The Cabin in the Woods

The Cabin in the Woods pays homage to, and skewers, every slasher and horror movie you’ve ever seen. This film is intermittently hilarious, absurd, graphic, rousing, and ultimately very satisfying. The Cabin in the Woods is one of the best films of 2012.

Here’s a trailer:

The deets:

Released April 13, 2012

Written by Joss Whedon and Drew Goddard

Directed by Drew Goddard

Starring Amy Acker, Kristin Connolly, Anna Hutchison, Chris Hemsworth, Fran Kranz, Bradley Whitford, Richard Jenkins, Jesse Williams, and Sigourney Weaver

Rated: R

*     *     *     *     *


The story of The Cabin in the Woods is that there is more than meets the eye. A group of five friends heads to a cabin in some remote woods, being warned of grave danger by a creepy old guy. These are the characters, and if they sound familiar, they should:

1. Dana (Connolly): a cute, intelligent college brunette who feels a little separate from the group because she’s not as promiscuous– she’s semi-pure. Kind of.
2. Curt (Hemsworth): a smart, strapping college fellow who goes dumb and horny upon arriving at the cabin.
3. Jules (Hutchison): a fun-loving, smart, blond, beautiful college girl who goes dumb and slutty soon after arriving at the cabin.
4. Holden (Williams): a decent black fellow who seems to feel somewhat dragged along and who feels like intelligent conversation is more of a party than getting wasted.
5. Marty (Kranz): a major pothead, smart, wry, provider of meta-situational observations and humor

If you think Holden is the first that gets murdered, you’d be wrong, because this is Whedon.

There is another storyline that follows a bunch of technicians, led by Sitterson (Jenkins) and Hadley (Whitford), along with Lin (Acker). These techs, surrounded by all kinds of surveillance and other high-tech equipment, seem to be conducting some kind of experiment, or perhaps a ritual, but for them it is a regular day at the office. Brian White plays a security guard named Truman, who is new to the job and provides some accessibility for the audience to start to get a handle on what’s really happening.

This is a scifi/paranormal send-up and homage to slasher and horror films. The college kids get picked off in imaginative ways, all for a nefarious purpose that the techs slowly reveal.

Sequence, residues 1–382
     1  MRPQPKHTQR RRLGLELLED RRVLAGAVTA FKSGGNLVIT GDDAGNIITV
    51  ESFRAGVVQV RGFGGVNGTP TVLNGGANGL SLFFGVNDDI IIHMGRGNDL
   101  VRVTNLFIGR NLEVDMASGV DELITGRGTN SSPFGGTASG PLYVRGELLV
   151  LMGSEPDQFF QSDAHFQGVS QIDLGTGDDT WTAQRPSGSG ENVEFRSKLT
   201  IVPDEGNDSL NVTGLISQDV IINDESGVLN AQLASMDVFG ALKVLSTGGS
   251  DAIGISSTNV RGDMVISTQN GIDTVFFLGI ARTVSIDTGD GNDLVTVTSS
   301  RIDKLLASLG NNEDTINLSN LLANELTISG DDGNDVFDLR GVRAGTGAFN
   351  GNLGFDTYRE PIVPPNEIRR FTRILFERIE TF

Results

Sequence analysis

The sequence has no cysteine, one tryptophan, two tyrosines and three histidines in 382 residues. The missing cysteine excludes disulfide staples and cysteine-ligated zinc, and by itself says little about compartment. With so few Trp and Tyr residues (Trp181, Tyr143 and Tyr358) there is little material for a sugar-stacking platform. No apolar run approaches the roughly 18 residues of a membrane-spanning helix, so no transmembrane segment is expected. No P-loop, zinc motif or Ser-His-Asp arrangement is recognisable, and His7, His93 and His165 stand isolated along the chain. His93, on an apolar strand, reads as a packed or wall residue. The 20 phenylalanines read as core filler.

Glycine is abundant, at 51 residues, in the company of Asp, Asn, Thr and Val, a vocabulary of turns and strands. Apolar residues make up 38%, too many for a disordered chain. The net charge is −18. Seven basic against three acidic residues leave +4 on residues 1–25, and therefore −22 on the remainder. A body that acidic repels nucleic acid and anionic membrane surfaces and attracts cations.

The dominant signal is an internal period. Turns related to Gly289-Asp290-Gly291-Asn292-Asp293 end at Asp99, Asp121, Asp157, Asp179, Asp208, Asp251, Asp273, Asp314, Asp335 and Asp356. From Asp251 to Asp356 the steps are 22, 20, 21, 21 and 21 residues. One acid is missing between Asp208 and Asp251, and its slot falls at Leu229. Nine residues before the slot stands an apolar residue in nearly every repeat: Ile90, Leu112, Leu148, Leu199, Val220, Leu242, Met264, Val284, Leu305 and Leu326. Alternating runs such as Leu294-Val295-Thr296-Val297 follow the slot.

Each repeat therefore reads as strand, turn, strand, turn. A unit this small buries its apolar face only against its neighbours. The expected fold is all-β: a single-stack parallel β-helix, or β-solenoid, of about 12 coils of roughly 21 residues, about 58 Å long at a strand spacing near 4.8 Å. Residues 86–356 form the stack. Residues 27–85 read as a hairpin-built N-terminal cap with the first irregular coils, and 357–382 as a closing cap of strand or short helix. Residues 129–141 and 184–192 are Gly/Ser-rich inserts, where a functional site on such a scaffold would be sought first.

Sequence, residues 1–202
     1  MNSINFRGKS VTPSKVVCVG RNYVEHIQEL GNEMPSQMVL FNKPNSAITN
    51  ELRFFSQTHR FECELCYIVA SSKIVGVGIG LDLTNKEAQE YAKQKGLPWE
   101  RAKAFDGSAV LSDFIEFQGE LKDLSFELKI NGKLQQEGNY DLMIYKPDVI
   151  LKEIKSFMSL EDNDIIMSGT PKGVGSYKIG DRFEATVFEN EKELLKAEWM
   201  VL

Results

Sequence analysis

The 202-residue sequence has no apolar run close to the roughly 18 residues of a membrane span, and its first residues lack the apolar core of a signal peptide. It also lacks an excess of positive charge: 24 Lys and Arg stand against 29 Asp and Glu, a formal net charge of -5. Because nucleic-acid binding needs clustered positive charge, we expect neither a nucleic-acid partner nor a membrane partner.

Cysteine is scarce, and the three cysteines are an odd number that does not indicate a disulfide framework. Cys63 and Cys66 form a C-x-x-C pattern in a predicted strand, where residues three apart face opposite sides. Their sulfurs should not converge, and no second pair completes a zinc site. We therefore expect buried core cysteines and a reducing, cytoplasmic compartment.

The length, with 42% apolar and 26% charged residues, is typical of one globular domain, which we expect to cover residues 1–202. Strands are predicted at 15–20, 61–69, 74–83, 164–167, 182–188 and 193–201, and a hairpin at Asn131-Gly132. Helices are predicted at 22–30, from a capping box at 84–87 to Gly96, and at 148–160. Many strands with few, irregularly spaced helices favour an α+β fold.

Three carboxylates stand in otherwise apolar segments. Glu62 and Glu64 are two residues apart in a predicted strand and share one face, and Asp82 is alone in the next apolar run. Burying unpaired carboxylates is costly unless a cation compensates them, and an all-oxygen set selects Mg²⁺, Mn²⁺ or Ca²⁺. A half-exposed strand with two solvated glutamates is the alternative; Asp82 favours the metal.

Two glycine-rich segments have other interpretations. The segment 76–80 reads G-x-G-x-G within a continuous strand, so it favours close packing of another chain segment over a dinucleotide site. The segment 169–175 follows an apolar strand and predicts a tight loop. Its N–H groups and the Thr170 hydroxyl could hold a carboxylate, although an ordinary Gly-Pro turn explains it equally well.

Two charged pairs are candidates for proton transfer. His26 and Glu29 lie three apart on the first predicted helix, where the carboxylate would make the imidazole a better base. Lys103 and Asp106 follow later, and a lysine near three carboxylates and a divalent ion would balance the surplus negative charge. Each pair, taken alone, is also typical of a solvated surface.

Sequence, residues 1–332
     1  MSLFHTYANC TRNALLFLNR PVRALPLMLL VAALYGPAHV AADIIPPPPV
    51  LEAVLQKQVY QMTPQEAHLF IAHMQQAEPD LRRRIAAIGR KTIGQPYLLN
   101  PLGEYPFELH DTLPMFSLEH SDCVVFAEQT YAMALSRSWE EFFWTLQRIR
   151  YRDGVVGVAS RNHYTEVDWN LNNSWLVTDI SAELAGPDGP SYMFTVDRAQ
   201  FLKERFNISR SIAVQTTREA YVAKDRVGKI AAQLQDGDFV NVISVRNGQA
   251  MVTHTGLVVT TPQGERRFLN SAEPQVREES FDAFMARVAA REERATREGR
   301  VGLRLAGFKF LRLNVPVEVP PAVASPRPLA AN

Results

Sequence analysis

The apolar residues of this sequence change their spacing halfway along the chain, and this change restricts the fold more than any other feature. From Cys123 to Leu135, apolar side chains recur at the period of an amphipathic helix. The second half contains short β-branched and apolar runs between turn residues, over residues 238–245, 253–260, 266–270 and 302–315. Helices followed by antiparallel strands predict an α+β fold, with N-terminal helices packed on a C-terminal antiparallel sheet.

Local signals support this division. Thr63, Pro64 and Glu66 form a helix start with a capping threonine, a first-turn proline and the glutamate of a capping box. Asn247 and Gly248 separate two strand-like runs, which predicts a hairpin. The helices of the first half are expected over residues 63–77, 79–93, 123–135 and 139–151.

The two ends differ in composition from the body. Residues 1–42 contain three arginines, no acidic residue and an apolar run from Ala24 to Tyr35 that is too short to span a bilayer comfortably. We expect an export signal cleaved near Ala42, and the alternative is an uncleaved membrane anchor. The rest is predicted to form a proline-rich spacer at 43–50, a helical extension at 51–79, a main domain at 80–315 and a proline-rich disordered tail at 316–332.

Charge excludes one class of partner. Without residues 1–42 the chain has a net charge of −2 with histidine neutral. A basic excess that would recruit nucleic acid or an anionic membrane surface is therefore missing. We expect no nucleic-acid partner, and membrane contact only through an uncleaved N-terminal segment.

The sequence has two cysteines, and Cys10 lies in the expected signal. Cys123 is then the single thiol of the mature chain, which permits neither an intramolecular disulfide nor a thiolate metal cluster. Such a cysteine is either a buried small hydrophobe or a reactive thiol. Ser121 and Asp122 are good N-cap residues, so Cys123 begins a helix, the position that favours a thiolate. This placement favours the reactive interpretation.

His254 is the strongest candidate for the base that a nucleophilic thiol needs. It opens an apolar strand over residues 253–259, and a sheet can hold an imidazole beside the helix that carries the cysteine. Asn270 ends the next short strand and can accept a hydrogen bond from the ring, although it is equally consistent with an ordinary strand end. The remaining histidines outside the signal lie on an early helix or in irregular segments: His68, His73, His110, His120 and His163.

I can say no more. Anything else must be experienced.


The Cabin in the Woods is one of the finest films made this year and is a near-perfect specimen of story telling on film, along with a brilliant, at times hilarious homage to horror films.

Think of every horror and slasher trope you’ve seen; Joss Whedon thought of all of those and more and included them deftly in this very finely-tuned and polished movie. But it’s not all homage and skewer; there’s a fully-fleshed story here, with entertaining and engaging characters populating it and bringing it into the real world. The characters feel like people you and I might know, and their dialogue is snappy and, as is normal for Whedon, extremely funny.

In addition to all of this goodness, you have some nice twists and an appearance from the grand maven of powerful scifi female roles: Sigourney Weaver.

All of that said, this is not a family film. There’s genuinely scary stuff here, along with a liberal dose of gore and some nudity. None of it is gratuitous; each bit is doing at least double duty: telling the story and satisfying some specific need within horror/slasher moviedom.

For fans of scifi and/or horror and/or slasher and/or Whedon, The Cabin in the Woods will make you very happy. For fans of simply good films, it will do the same for you.

Content warnings: lots of swearing and bloody violence, supernatural baddies, some nudity and sensuality. 

Writing: 5          Acting: 5          Overall: 5

What makes you think you’re not in a haunted cabin right now? Well, you are, and there are bad nasties coming to eat your fingers if you don’t share this review.. quick!


Marvel’s The Avengers